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Chemical and Biological Aspects of Ocean Dumping at the Puerto Rico Dumpsite

  • Claude R. Schwab
  • Theodor C. SauerJr.
  • Guinn F. Hubbard
  • Hussein Abdel-Reheim
  • James M. Brooks
Part of the Marine Science book series (MR, volume 12)

Abstract

Chemical and biological studies at the Puerto Rico Ocean Dump-site during February 1978 are reported. Dye and various chemical and biological parameters were measured with time within the waste plume after the dumps. Several parameters (e.g., ammonia, POC, DOC, volatile organics, and transmissometry traces) were elevated in the waste plume compared to the baseline values and were, therefore, very useful in tracking the dispersion of the waste.

The volatile organics constitute the major non-aqueous fraction of the waste. Butanol and dimethyl aniline constitute about 70% of this fraction. Dimethyl aniline was very persistent in the dumpsite having a concentration of 0.1 μg·1−1 three days after dumping. Evaporation studies indicate that benzene and toluene concentrations decrease to background levels within 12 hrs following dumping. Many hydrocarbons, halocarbons, alcohols, esters, ketones and nitrogen compounds were identified in the waste and surface waters of the dumpsite.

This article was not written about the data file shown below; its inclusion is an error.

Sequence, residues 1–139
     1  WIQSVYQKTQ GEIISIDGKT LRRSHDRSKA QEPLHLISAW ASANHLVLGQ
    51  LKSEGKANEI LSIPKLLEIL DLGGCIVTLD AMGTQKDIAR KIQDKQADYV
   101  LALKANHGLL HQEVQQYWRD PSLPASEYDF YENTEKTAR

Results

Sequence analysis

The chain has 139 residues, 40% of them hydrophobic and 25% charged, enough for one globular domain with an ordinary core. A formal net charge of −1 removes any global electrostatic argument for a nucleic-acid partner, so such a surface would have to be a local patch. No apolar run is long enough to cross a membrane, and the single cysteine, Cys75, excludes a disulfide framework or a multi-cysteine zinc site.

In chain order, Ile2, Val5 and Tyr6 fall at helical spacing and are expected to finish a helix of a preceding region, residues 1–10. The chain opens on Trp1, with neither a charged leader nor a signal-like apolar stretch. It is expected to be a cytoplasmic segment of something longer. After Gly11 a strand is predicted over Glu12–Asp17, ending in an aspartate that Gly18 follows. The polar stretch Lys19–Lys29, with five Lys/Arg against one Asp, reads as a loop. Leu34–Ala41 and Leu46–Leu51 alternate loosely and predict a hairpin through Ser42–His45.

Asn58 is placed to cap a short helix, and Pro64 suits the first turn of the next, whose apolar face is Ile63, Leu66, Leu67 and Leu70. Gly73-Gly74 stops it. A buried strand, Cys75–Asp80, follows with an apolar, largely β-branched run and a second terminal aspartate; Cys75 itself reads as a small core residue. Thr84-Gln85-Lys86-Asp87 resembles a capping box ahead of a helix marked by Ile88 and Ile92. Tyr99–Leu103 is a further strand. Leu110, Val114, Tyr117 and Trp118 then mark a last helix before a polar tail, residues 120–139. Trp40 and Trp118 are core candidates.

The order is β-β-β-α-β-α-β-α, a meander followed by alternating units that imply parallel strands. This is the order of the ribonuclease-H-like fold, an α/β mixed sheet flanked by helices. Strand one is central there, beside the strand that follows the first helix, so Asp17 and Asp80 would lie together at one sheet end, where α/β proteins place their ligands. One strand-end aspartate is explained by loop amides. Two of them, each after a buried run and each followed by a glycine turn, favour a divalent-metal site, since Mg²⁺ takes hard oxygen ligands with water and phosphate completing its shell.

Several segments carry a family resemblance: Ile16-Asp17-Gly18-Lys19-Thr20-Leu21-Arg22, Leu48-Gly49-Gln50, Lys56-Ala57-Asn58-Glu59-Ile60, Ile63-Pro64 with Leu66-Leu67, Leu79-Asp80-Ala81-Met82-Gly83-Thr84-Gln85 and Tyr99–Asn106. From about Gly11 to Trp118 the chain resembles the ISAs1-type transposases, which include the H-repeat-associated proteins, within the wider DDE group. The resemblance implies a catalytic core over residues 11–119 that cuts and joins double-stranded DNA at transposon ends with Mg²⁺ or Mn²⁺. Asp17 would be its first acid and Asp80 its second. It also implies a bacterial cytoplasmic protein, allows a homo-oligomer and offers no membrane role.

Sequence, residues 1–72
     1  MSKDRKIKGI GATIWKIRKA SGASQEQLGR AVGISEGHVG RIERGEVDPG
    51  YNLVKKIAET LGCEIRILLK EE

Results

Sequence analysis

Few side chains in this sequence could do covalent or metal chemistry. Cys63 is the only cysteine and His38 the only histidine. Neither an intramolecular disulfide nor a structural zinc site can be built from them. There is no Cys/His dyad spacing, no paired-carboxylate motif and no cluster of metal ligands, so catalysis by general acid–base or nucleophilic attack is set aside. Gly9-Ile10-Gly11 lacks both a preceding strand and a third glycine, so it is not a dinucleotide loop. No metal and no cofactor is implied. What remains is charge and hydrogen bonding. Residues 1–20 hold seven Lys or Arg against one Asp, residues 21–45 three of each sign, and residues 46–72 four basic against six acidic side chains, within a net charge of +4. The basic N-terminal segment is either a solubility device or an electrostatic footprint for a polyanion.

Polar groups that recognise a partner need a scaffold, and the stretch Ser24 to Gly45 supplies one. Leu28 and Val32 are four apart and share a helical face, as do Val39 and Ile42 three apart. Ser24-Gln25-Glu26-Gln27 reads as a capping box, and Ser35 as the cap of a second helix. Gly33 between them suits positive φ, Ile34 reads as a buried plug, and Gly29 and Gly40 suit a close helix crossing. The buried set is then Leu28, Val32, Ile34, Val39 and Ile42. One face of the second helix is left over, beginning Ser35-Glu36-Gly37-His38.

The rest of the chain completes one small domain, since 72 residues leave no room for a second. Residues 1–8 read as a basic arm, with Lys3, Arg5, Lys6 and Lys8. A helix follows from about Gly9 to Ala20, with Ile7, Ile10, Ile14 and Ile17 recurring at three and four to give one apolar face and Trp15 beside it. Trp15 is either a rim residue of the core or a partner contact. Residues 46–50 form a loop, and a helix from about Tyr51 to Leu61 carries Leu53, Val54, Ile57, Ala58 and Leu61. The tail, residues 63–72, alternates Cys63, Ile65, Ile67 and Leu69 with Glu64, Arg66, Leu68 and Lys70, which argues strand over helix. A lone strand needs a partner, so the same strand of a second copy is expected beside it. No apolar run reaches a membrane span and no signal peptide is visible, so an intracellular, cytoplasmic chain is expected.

Phytoplankton studies indicate no significant differences existed between samples taken from similar depths inside or outside of the dumpsite. Laboratory toxicity tests using 14C uptake and ATP indicate that 0.14% of the composite waste causes a 76% decrease in growth of the phytoplankton Skeletonema costatum.

Keywords

Biological Aspect Skeletonema Costatum Toluene Concentration Methyl Isobutyl Ketone Ethyl Mercaptan 
These keywords were added by machine and not by the authors. This process is experimental and the keywords may be updated as the learning algorithm improves.

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Copyright information

© Plenum Press, New York 1981

Authors and Affiliations

  • Claude R. Schwab
    • 1
  • Theodor C. SauerJr.
    • 1
  • Guinn F. Hubbard
    • 1
  • Hussein Abdel-Reheim
    • 1
  • James M. Brooks
    • 1
  1. 1.Department of OceanographyTexas A&M UniversityCollege StationUSA

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